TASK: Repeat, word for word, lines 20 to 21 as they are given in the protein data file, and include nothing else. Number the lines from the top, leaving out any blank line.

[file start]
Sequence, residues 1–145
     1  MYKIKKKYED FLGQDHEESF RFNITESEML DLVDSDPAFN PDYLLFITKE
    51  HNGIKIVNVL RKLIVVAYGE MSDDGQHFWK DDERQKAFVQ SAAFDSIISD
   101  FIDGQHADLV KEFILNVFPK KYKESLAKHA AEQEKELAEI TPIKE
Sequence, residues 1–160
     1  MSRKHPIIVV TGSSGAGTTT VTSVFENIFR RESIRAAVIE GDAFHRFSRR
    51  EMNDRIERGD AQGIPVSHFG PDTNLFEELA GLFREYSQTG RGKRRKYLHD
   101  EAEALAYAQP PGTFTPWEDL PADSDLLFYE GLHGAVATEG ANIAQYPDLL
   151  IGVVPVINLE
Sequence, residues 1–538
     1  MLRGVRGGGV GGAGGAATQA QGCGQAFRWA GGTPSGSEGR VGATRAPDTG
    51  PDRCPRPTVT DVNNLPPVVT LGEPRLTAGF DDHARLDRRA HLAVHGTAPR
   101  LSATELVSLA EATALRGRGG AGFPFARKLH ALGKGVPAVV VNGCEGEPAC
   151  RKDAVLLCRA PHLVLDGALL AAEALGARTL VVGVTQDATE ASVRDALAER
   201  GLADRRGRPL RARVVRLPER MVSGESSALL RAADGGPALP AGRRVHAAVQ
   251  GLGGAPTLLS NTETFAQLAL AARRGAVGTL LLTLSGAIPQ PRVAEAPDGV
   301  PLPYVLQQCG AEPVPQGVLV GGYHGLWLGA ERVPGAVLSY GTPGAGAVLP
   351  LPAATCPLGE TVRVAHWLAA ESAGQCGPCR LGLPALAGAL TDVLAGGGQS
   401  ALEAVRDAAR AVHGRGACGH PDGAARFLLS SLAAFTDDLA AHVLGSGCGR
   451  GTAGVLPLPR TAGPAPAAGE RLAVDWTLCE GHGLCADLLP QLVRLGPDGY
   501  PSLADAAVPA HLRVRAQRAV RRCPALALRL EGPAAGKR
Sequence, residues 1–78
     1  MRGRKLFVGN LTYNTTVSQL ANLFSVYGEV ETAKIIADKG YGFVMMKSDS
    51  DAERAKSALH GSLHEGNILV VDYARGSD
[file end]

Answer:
   451  GTAGVLPLPR TAGPAPAAGE RLAVDWTLCE GHGLCADLLP QLVRLGPDGY
   501  PSLADAAVPA HLRVRAQRAV RRCPALALRL EGPAAGKR